Subaru: The Fairest Of All | Adweek
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Subaru: The Fairest Of All

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Temerlin's 'Beauty' Accents $65 Mil. TV, Print Push
DALLAS--Irving, Texas-based Temerlin McClain next week will launch a $65 million campaign promoting Subaru of America's 1999 Outback and Forester models with renewed emphasis on "The beauty of all-wheel drive" positioning.
The campaign's five 30-second television spots continue to use actors Paul Hogan and Judge Reinhold but drop the individual taglines used last year for the Forester ("Sport utility tough. Car easy.") and Outback ("The world's first sport utility wagon.")
Those lines will still appear in the body copy of print ads that begin appearing in nearly 60 magazines in October.
Subaru director of marketing Tim Mahoney said the company decided to tag all of its ads with the all-wheel drive line (created by Temerlin in 1994), based on focus group research revealing it as a major selling point with high consumer recall.
One spot for the Outback plays up the hybrid vehicle's unique look, opening with Hogan in his Outback surrounded by a highway full of Jeep Cherokees and Ford Explorers. Hogan veers off the road and over rugged land to a bar he finds filled with Crocodile Dundee look-alikes. "What a weird-looking bunch that was," he quips.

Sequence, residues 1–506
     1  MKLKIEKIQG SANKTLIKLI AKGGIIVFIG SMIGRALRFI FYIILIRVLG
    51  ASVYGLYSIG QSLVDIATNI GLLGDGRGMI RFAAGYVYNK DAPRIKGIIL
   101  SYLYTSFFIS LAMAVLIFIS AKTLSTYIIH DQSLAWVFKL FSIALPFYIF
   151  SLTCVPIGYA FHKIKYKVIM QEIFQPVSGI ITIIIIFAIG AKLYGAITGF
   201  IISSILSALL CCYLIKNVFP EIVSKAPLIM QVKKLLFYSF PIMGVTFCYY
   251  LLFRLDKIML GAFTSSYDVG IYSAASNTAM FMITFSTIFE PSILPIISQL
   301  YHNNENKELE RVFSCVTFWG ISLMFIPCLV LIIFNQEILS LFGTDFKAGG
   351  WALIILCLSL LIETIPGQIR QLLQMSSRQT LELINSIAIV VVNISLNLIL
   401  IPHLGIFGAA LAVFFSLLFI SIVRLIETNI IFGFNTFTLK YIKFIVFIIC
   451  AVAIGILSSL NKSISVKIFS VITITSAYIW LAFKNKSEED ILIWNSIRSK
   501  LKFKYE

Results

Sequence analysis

Another spot pairs Reinhold and Hogan for the first time. The ad intercuts shots of Reinhold in the desert holding a remote control with footage of an Outback navigating treacherous terrain. As the vehicle nears Reinhold, he hits pause, freezing the vehicle in mid-air behind him as he explains how all-wheel drive technology "automatically transfers power from the wheels that slip to the wheels that grip, which means that it does the thinking for you."
That said, the vehicle drops and splashes Reinhold with mud. Hogan is revealed as the driver, who leans out the window and says, "Sorry mate, I guess I wasn't thinkin.' "
One commercial for the Forester promotes a May 1998 Car & Driver survey that named it the top SUV in its class. Another spot features "Sarah," Hogan's sidekick in previous ads, outrunning a Honda CR-V as a voiceover notes the vehicle has 30 percent more horsepower than its competitor. The ad ends with Sarah ripping off a mask, revealing her as Hogan in disguise.
Mahoney said seven print ads are still in development. That work will incorporate a new graphic illustrating all-wheel drive technology and position the Outback and Forester against their category rivals.
The national cable and spot TV schedule includes buys on Lifetime, ESPN, The Discovery Channel, CNN and A&E. Print ads will appear in publications including Time, Newsweek, Money, Fortune, Men's Health and automotive periodicals.
Mahoney said the Cherry Hill, N.J-based automaker is on target to sell 135,000 vehicles this year and anticipates revenues will exceed $3 billion.